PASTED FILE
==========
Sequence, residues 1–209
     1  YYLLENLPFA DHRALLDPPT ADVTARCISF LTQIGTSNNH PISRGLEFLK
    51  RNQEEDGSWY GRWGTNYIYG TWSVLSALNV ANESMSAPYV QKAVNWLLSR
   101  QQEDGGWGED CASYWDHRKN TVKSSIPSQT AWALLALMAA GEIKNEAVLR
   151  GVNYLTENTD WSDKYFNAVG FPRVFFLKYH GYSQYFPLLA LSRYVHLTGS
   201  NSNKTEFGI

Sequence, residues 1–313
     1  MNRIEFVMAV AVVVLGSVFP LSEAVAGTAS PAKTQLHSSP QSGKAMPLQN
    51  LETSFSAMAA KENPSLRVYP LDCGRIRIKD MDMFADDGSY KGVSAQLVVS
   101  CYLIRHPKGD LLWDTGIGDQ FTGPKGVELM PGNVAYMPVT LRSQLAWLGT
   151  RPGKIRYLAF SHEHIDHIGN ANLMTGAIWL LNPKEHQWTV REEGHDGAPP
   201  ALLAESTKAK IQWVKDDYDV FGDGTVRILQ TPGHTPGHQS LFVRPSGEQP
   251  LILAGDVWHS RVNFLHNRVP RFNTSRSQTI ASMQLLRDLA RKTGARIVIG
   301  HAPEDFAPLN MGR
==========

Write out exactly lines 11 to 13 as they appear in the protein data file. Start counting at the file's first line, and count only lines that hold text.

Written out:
   151  RPGKIRYLAF SHEHIDHIGN ANLMTGAIWL LNPKEHQWTV REEGHDGAPP
   201  ALLAESTKAK IQWVKDDYDV FGDGTVRILQ TPGHTPGHQS LFVRPSGEQP
   251  LILAGDVWHS RVNFLHNRVP RFNTSRSQTI ASMQLLRDLA RKTGARIVIG